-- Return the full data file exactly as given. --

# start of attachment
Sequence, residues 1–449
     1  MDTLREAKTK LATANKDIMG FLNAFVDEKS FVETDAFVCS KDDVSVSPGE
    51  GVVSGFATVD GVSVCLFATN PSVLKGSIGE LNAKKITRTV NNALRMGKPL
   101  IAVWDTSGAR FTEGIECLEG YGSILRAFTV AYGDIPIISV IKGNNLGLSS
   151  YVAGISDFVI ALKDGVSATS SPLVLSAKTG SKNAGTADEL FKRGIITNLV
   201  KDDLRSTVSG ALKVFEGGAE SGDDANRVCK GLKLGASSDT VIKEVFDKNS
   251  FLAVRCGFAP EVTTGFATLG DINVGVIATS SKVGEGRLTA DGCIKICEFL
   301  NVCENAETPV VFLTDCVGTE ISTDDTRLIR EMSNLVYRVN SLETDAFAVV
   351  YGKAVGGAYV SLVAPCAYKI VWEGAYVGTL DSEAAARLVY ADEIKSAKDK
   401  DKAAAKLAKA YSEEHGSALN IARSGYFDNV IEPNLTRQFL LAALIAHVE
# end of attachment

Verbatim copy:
Sequence, residues 1–449
     1  MDTLREAKTK LATANKDIMG FLNAFVDEKS FVETDAFVCS KDDVSVSPGE
    51  GVVSGFATVD GVSVCLFATN PSVLKGSIGE LNAKKITRTV NNALRMGKPL
   101  IAVWDTSGAR FTEGIECLEG YGSILRAFTV AYGDIPIISV IKGNNLGLSS
   151  YVAGISDFVI ALKDGVSATS SPLVLSAKTG SKNAGTADEL FKRGIITNLV
   201  KDDLRSTVSG ALKVFEGGAE SGDDANRVCK GLKLGASSDT VIKEVFDKNS
   251  FLAVRCGFAP EVTTGFATLG DINVGVIATS SKVGEGRLTA DGCIKICEFL
   301  NVCENAETPV VFLTDCVGTE ISTDDTRLIR EMSNLVYRVN SLETDAFAVV
   351  YGKAVGGAYV SLVAPCAYKI VWEGAYVGTL DSEAAARLVY ADEIKSAKDK
   401  DKAAAKLAKA YSEEHGSALN IARSGYFDNV IEPNLTRQFL LAALIAHVE